Mental Health Goals for 2023 

Don’t set resolutions, set goals. Why? A goal can be broken down into steps to make it actionable. A goal can evolve. When we think of a resolution, it seems like something big and monolithic that must be lived by right now. This will also help us get better at parsing out the steps of a goal. There’s often something that needs to be done before the first step we thought of before, or some steps need to be moved around. A resolution is static. A goal is meant to fulfill you, not the other way around. 

Look on the bright, middling, and dark sides of life. We often catastrophize, which means thinking of the worst possible outcome to a situation and operating on that. Consider both extremes and seek balance. You already have your ideas about what if things go bad, but what if things go well? What if things go ok? There are many possibilities between best and worst, and some of the more realistic possibilities might lie in that space. 

Acknowledge and validate your emotions. This is another area where it is easy for us to look at extremes. It’s easy to act on our emotions, letting them make the decisions instead of our rationale. At the same time, people often shove their emotions aside, even feeling guilty or angry about having those feelings. Seek balance. Emotions are important data and should be acknowledged and explored. We don’t choose how we feel, but we are responsible for what we do with that feeling. You can’t help but feel a jolt of fear if a piano falls onto the sidewalk next to you, but you do get to choose whether or not you blink and keep walking, try to find out where the piano fell from, take some pieces home for kindling, go into the nearest cafe to drink tea and calm down, or any of a million things.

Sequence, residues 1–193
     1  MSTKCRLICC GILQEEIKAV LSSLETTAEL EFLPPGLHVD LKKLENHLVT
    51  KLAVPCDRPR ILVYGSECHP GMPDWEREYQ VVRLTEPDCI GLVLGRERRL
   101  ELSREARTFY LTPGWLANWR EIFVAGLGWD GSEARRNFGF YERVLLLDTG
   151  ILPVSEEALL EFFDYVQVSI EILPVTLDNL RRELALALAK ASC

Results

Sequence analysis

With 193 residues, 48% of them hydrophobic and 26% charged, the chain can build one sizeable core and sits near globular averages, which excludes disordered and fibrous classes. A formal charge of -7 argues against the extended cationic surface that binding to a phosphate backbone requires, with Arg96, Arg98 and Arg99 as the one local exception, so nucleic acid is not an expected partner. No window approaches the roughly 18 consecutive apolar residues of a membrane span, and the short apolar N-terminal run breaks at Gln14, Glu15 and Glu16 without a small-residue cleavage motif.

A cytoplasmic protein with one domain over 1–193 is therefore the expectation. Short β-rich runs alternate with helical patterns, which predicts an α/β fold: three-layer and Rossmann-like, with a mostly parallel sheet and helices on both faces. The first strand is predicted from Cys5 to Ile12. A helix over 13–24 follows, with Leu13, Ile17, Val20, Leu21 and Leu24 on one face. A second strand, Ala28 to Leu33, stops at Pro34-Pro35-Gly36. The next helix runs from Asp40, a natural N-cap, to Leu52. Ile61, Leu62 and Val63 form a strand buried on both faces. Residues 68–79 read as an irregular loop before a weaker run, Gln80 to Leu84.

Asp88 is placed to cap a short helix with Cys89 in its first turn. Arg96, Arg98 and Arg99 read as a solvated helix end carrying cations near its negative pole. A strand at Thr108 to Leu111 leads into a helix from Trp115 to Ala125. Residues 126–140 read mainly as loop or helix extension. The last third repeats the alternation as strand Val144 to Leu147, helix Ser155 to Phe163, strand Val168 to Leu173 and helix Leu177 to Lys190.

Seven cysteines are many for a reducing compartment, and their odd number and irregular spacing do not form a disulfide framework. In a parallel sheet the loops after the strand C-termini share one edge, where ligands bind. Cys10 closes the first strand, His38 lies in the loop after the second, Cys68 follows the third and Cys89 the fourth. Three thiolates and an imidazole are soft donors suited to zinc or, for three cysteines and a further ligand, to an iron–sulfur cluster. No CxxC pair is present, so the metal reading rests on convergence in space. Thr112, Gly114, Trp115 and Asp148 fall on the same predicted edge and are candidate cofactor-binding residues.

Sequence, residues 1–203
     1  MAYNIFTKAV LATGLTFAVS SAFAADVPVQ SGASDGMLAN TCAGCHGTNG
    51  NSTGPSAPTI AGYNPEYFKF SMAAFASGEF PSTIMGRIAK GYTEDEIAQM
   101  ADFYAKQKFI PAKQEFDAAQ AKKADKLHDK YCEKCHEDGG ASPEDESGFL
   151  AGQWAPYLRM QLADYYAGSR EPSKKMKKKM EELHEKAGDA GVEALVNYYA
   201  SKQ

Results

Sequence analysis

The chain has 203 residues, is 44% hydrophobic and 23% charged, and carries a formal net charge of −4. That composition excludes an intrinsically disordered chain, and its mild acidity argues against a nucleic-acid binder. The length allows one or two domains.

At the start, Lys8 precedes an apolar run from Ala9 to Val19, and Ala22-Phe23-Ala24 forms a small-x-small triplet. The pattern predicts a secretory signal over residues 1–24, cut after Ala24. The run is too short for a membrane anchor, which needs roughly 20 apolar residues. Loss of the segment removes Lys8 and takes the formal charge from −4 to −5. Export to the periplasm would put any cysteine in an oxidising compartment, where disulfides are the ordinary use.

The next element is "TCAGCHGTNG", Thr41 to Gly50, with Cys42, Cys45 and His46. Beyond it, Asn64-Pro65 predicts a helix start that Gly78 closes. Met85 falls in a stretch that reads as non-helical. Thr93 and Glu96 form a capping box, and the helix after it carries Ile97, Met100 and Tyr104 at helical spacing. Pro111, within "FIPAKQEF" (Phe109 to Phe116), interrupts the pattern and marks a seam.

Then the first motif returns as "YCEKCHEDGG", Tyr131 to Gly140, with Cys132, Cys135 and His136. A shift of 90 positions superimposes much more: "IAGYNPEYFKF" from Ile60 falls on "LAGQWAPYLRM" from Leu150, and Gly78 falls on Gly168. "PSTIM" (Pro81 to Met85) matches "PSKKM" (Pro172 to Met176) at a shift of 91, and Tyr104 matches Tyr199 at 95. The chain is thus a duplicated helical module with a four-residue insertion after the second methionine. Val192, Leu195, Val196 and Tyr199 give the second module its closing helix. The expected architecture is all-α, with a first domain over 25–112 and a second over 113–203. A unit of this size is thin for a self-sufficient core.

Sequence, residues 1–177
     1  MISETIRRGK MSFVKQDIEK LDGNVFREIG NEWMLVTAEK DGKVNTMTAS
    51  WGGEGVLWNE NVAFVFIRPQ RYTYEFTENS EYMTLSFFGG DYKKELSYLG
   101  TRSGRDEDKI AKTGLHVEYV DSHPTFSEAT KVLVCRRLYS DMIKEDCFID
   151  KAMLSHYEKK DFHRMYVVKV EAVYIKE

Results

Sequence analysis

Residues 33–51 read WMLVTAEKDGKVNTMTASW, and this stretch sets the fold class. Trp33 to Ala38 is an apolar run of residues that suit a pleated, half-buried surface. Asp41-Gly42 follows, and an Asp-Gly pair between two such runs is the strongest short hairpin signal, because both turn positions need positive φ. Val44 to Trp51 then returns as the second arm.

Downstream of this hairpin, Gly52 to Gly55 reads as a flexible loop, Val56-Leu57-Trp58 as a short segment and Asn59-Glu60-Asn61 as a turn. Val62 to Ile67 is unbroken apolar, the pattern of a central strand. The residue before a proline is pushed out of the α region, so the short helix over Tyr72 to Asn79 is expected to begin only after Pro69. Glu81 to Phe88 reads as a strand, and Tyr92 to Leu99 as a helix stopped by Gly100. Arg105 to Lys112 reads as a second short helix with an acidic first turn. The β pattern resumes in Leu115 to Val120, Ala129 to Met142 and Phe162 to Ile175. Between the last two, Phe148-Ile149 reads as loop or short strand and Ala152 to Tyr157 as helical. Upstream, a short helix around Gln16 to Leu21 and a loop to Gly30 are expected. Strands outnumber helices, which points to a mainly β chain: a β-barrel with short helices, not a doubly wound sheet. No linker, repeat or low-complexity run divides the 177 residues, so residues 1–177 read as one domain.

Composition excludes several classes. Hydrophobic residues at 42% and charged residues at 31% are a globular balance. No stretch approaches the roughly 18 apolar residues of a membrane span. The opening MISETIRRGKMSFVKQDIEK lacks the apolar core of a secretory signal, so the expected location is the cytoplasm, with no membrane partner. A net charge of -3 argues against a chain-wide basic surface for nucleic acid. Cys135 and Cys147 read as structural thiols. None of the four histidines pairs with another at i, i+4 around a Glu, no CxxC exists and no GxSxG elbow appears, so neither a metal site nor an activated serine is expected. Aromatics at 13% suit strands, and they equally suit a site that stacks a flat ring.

Try to make time for contemplation and creation. A time not to think about your worries and responsibilities, but to focus on something fulfilling that engages the body and mind. Here are a few examples: 

− Volunteering for a cause that is dear to you 

− Playing with a pet, especially if it gets you outside and moving 

− Making art, from charcoal sketches to chainsaw sculptures 

− Crafting with food, like making your own kimchi 

− Making textile work like knitting or quilting 

Journaling about your feelings, plans, dreams, fears, and anything else 

Make an effort to get better sleep. There’s a reason why it shows up on so many positive resolution lists. In this world, we often think of rest as something that’s earned, often after working to exhaustion. Rest is a part of our natural equation for health. We don’t sleep just because we want a break from work, which is totally valid in itself. Sleep is a time when the human body does things it doesn’t do, or can’t do as well, when we’re awake. Vital cell repair, hormone production, memory production, and memory storage are some of the activities that our bodies engage in while we’re sleeping. If getting good sleep hasn’t been achievable despite eliminating caffeine in the afternoon, putting the phone down after a few minutes instead of an hour, or making time for enough sleep, tell your doctor. They might recommend you go to a sleep lab to see what is obstructing your sleep cycles. 

We wish you all very merry days this season, full of love and comfort. Contact us on our website or call (585) 442-6960 for questions and appointments.